Careful, because I may burst into an inspirational song at some point here.

On Tuesday, Pamela Wilson helped us on our mission to Get Great by showing us how to coax your editorial brain and your creative brain to play nicely together.

And on Wednesday, Raubi Perilli outlined how to match content goals with measurable key performance indicators (KPIs) that allow us to see the results of all our hard content marketing work.

Thanks for reading and listening. I hope December is treating you well so far, and I’ll catch you next week …

— Sonia Simone

Chief Content Officer, Rainmaker Digital

Catch up on this week’s content

here’s to a year of consistent improvementStart Your Engines: The 2017 Content Excellence Challenge Begins Now

by Sonia Simone

how to harness both sides of your writing brainHow to Invite Your Creative Angel and Devilish Editor to Help You Write

by Pamela Wilson

take aim to reach your content goalsA Strategic System that Produces Powerful Content Marketing Campaigns

by Raubi Perilli

Why Passion Matters More Than Skill When Launching a Membership SiteWhy Passion Matters More Than Skill When Launching a Membership Site

by Sean Jackson

Is It Okay to Alternate Between Monologues and Interviews?Is It Okay to Alternate Between Monologues and Interviews?

by Jerod Morris & Jon Nastor

Lessons on Business and Life from the ‘Zen Master of Marketing’Lessons on Business and Life from the ‘Zen Master of Marketing’

by Brian Clark & Jerod Morris

Get Ready Now for a Creative and Productive 2017Get Ready Now for a Creative and Productive 2017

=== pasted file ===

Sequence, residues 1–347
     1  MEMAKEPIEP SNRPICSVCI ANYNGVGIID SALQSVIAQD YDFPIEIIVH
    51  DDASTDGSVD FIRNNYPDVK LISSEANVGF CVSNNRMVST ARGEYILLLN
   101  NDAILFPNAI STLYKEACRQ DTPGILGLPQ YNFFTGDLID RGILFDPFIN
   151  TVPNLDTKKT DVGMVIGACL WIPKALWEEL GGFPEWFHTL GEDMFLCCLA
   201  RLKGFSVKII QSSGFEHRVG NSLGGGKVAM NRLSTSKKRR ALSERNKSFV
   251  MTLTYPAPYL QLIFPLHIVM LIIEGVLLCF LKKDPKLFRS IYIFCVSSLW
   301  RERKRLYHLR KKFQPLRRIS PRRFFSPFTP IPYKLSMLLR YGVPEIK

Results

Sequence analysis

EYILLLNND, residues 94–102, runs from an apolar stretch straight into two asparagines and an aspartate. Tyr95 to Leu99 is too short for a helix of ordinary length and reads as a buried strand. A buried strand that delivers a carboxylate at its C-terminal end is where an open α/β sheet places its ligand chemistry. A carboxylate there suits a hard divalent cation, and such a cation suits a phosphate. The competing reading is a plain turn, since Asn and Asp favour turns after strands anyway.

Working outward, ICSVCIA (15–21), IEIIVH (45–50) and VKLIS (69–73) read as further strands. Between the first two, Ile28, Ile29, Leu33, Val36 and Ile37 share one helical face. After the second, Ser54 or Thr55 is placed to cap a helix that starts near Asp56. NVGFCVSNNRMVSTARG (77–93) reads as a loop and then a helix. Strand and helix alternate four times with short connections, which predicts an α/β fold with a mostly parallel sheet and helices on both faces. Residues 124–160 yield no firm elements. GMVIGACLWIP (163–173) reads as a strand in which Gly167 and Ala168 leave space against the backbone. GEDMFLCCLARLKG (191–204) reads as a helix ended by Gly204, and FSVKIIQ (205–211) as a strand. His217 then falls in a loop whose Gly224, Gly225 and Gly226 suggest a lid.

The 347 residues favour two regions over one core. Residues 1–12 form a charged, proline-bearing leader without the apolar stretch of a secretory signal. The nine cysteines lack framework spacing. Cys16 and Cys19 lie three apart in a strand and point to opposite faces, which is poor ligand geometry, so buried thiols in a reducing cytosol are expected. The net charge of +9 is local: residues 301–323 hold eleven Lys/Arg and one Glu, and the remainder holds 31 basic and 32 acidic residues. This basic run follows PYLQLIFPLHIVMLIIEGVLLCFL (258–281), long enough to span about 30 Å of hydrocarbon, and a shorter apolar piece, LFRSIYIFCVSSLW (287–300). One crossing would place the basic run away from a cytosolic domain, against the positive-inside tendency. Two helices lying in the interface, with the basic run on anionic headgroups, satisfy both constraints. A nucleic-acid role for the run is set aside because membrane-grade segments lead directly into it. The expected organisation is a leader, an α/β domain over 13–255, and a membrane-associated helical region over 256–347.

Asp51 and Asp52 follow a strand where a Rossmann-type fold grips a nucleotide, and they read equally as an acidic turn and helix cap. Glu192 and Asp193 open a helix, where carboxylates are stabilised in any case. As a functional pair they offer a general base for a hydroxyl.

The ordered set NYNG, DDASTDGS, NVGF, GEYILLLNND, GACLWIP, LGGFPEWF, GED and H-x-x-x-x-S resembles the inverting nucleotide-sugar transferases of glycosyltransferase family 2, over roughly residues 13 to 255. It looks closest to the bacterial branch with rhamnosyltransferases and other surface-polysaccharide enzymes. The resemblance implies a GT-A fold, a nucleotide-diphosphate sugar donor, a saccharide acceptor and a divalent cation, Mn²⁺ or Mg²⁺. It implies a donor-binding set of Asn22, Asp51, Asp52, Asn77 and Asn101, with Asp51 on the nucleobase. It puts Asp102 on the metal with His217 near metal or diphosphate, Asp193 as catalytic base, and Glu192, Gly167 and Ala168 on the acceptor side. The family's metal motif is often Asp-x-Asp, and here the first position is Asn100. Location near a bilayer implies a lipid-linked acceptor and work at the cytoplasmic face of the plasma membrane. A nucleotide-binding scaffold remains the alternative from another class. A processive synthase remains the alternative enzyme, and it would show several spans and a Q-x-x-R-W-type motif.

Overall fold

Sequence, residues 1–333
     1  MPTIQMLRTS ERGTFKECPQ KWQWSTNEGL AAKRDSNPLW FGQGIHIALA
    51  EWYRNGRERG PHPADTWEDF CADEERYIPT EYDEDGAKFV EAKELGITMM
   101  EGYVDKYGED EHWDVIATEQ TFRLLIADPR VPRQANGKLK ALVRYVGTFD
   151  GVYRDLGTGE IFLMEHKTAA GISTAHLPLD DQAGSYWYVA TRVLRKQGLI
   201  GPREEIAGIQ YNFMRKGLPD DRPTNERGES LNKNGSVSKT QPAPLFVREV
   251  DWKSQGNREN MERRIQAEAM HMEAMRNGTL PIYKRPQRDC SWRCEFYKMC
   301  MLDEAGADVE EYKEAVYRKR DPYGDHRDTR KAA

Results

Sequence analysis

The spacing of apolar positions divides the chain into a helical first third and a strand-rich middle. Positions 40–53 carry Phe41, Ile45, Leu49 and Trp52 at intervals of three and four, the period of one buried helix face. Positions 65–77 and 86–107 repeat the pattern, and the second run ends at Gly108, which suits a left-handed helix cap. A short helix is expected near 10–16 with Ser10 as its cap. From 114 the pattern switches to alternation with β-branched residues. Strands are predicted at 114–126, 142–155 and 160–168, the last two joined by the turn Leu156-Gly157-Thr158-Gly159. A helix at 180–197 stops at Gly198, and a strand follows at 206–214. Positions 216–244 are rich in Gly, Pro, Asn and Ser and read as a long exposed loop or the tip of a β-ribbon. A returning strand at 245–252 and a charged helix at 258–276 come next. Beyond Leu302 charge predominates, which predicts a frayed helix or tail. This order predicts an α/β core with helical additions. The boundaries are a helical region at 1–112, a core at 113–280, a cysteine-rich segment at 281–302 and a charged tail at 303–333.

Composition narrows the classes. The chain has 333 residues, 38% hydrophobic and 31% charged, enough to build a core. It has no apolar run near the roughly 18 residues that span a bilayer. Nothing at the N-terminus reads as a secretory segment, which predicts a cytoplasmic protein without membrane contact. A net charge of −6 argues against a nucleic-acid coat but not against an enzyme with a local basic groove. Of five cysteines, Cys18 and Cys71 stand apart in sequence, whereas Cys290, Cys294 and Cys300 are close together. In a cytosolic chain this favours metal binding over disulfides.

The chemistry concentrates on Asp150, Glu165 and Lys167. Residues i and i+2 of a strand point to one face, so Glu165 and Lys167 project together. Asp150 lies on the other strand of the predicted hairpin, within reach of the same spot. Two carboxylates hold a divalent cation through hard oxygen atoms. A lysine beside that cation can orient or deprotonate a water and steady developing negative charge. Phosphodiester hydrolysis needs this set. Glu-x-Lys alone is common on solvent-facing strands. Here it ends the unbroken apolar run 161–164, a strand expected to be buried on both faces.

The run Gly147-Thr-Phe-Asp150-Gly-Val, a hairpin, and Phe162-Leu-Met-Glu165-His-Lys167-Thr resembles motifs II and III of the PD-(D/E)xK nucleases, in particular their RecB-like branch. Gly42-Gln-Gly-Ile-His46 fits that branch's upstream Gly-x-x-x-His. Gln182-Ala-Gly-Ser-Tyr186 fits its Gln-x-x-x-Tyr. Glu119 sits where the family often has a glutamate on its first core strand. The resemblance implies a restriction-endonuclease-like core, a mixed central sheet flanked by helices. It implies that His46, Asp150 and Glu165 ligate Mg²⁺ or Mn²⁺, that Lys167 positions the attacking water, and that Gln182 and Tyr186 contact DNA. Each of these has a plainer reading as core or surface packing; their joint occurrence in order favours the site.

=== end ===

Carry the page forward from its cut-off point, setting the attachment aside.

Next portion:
by Sonia Simone

How Journalist and Bestselling Author of ‘The Revenge of Analog’ David Sax Writes: Part OneHow Journalist and Bestselling Author of ‘The Revenge of Analog’ David Sax Writes: Part One

by Kelton Reid

Creating Online Courses to Level Up from Freelance, with Carrie DilsCreating Online Courses to Level Up from Freelance, with Carrie Dils

by Brian Clark

Sonia Simone on the Productive Insights PodcastSonia Simone on the Productive Insights Podcast

by Caroline Early

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Ready to Sell Your Products or Services? We’re Here to Help

copyblogger weekly

Hey there — welcome back to the Copyblogger Weekly!

So, I’ve been known to lean a bit toward the “kumbaya” side of content marketing. (“Kumbaya” meaning, “Let’s all join hands and sing songs about our feelings!”)

But I have bills to pay, just like you do. Selling is an integral and important part of business. And content marketing is as much about marketing as it is about connection.

This week, we’ve got some content to help you unapologetically, effectively — maybe even joyfully — sell some stuff.

On Tuesday, I was tickled to see Beth Hayden riffing on a presentation I did at our live event in 2015, cracking open the three essential elements your landing pages need to make more sales.

Yesterday, we revisited a classic Brian Clark post on how to motivate audiences to buy. He has some fascinating insights into what we really mean when we say we “sell from emotion,” and about the emotional states that prompt us to act.

And The Showrunner podcast this week dives into how to use empathy (very kumbaya) as a map for creating the products and services your audience will love (very pragmatic). Which is really what we’re all about.

Digital Commerce Academy closes to new students on Friday